London will always have a special place in my heart. It feels as much like home as Saudi does. I love the buzz, the restaurants, the culture. It’s one of those places I’ll never tire of exploring.

HER STYLE

I love wearing casual, comfortable yet beautiful abayas. And a pair of sunglasses to finish the look off.

HER DREAMS

To keep developing Homegrown Market, finding new designers, giving them the tools to grow…and then to live on the beach, of course.

HER FAVOURITE FLAVOURS

Avocado toast. Sounds cliché but I love it! I love guilt-free eating.

In Conversation

With a keen eye for beautiful design and a seemingly in-built knowledge for what the consumer wants, Tamara has seen Homegrown Market go from strength to strength in the short time it’s been running. The product, no doubt, of its creator’s immense talent and drive. If ever someone was born to be an entrepreneur…

Can you talk us through the concept of Homegrown Market?

Homegrown Market is a platform for Middle-Eastern creative talent. It gives local creatives the opportunity to showcase and sell their products without having to organise and pay a huge amount for their own selling space. I realised that a lot of young entrepreneurs are put off by the cost and technicalities of the set-up stage before they’ve even started, so we offer them an easy way in that allows them to concentrate on their passion: the creation process. After that, we can maintain their display, sell for them, market for them where we can, and also help them find out what works in the market.

We’ve actually had people start out with us that are now opening their own stores. It’s incredibly satisfying watching these brands grow and succeed.

On a personal level why was it important to you to set up a concept store like this?

It’s not easy for people to find jobs, especially in this economy, and I know there are so many out there with astounding talent but who just don’t have the exposure or the means to promote themselves. I want to encourage and inspire entrepreneurialism; these small businesses are the backbone of every economy and I want Saudi Arabia but most importantly, it’s talented citizens, to succeed.

Before you started Homegrown, did you have any experience in a similar field?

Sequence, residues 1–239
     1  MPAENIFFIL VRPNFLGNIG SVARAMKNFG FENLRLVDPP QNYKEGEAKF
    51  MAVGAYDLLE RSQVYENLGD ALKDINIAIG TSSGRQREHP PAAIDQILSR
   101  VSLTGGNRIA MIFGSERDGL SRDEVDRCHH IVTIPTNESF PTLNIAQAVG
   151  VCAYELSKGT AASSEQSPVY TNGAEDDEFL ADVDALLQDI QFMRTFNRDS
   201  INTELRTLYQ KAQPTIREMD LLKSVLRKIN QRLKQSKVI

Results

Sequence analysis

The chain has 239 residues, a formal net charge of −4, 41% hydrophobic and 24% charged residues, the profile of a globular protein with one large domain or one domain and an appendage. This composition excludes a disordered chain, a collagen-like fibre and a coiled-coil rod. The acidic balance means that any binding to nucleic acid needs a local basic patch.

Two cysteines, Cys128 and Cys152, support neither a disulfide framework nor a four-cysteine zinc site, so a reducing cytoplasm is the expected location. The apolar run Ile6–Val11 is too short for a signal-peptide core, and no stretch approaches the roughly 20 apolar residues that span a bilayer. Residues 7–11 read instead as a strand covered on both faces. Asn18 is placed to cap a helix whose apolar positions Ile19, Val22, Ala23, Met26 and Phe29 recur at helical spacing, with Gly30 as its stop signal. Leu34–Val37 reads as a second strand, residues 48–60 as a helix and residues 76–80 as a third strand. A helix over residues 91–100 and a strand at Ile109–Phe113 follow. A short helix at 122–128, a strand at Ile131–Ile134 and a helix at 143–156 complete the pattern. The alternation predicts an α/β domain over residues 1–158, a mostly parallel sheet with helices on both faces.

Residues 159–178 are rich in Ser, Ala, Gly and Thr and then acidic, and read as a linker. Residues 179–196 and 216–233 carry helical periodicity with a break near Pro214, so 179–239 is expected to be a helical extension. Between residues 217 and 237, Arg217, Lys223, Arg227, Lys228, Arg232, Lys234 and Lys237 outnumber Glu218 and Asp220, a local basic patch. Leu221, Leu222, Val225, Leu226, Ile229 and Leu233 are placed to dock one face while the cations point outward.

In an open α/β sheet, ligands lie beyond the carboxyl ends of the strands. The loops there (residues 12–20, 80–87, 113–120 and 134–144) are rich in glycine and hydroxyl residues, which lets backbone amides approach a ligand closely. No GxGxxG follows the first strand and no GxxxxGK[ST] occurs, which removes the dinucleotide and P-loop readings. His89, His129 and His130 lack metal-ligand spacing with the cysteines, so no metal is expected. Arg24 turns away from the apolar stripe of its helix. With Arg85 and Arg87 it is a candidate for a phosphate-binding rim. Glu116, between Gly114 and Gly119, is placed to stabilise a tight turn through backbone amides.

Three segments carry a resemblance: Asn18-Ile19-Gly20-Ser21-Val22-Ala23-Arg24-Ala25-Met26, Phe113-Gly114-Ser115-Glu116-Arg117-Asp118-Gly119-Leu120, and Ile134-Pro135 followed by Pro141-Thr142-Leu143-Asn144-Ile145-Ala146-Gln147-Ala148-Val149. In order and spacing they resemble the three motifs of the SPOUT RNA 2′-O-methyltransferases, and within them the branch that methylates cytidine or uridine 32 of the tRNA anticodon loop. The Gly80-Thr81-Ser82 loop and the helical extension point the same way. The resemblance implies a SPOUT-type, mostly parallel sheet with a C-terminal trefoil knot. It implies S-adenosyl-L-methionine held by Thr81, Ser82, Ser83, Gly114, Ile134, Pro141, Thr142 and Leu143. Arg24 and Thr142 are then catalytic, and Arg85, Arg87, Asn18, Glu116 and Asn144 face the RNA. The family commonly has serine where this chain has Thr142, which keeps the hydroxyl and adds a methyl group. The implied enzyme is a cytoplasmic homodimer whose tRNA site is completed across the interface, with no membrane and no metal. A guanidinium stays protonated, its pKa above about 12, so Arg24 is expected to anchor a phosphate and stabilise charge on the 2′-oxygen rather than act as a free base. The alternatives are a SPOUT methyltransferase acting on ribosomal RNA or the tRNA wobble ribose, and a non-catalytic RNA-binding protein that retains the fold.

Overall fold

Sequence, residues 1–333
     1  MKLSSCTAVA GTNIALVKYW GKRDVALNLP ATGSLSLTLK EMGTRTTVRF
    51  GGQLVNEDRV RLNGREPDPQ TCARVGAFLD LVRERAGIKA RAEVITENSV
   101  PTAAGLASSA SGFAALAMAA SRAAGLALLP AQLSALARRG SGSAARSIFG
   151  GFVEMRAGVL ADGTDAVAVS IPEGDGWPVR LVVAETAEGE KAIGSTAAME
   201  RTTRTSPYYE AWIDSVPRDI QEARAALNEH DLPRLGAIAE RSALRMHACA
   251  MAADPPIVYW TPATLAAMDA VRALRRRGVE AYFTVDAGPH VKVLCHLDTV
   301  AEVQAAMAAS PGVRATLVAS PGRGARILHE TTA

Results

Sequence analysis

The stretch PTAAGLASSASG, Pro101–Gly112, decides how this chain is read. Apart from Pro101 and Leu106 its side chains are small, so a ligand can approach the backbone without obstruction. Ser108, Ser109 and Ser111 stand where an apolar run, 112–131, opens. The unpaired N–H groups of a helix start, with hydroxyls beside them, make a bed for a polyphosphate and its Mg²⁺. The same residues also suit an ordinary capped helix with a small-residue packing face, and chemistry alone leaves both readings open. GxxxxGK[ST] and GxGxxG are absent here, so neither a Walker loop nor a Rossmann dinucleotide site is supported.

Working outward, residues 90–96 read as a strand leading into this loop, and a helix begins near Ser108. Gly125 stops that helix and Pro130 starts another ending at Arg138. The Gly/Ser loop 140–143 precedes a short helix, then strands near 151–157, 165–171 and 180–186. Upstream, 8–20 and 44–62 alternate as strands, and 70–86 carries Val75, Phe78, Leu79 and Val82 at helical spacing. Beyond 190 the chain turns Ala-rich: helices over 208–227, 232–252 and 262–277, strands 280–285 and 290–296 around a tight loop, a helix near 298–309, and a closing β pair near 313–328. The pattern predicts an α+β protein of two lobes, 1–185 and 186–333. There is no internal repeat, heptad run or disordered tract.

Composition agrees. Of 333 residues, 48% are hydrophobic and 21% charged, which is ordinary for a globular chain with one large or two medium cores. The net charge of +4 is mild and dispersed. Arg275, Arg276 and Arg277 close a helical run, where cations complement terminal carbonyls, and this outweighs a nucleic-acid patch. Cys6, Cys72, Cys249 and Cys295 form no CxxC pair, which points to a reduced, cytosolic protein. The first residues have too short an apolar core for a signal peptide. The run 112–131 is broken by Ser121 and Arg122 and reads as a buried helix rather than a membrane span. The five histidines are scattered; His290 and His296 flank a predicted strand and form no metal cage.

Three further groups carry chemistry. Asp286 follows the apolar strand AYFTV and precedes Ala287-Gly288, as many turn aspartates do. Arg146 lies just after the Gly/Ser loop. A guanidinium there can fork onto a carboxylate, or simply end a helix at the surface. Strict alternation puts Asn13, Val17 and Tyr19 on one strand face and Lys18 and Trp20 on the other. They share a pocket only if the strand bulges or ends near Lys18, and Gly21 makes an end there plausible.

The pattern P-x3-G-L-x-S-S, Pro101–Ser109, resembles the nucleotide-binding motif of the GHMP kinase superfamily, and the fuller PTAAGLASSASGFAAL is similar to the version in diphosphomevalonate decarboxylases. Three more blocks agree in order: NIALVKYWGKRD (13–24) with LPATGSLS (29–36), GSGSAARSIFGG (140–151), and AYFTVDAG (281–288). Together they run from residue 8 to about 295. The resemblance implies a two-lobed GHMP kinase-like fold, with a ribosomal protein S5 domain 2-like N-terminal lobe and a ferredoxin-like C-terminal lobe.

I studied politics and development studies, and my dream was initially to work in the UN, but I quickly realised politics and all that comes with it wasn’t right for me. With that in mind, I suppose the desire to create change has always been a part of me. Pair this with my love for all things creative and I’d say that in many ways Homegrown was a natural progression.

Although you were born in London, it’s clear you harbour a real connection to your heritage. What do you love most about living here?

It’s so beautiful. The desert in particular is amazing. Going on hikes, sitting round bonfires and looking up at the starry skies – it’s such a great antidote to the city. And then if you go even further out, there’s beautiful greenery, rivers, wildlife.

It’s also a hugely exciting time to be back here; new galleries and exhibitions are opening all the time and there’s a real sense of change in the air.

Would you say there’s been a rise in entrepreneurism amongst women in Saudi Arabia?

Yes, in both Jeddah and Riyadh it’s growing like crazy. Women are really taking their fortune into their own hands and it’s amazing to see. It motivates me to keep going with Homegrown and continue to offer opportunity wherever I can.

I’d say in general things are changing for women here. For a long time, Saudi women have had this ambition to continue their education and have successful careers, and now it’s actually happening, now it’s finally their time. They’ve been rising for a while now, and they’ll continue to rise.

What does success look like to you?

If I can continue to help talented people that may otherwise be overlooked, and really put them on the map, I’ll be happy. Eventually I’d love to do this beyond the Middle-East too. I’m a big fan of the underdog.

"For a long time, Saudi women have had this ambition to continue their education and have successful careers, and now it's actually happening, now it’s finally their time..."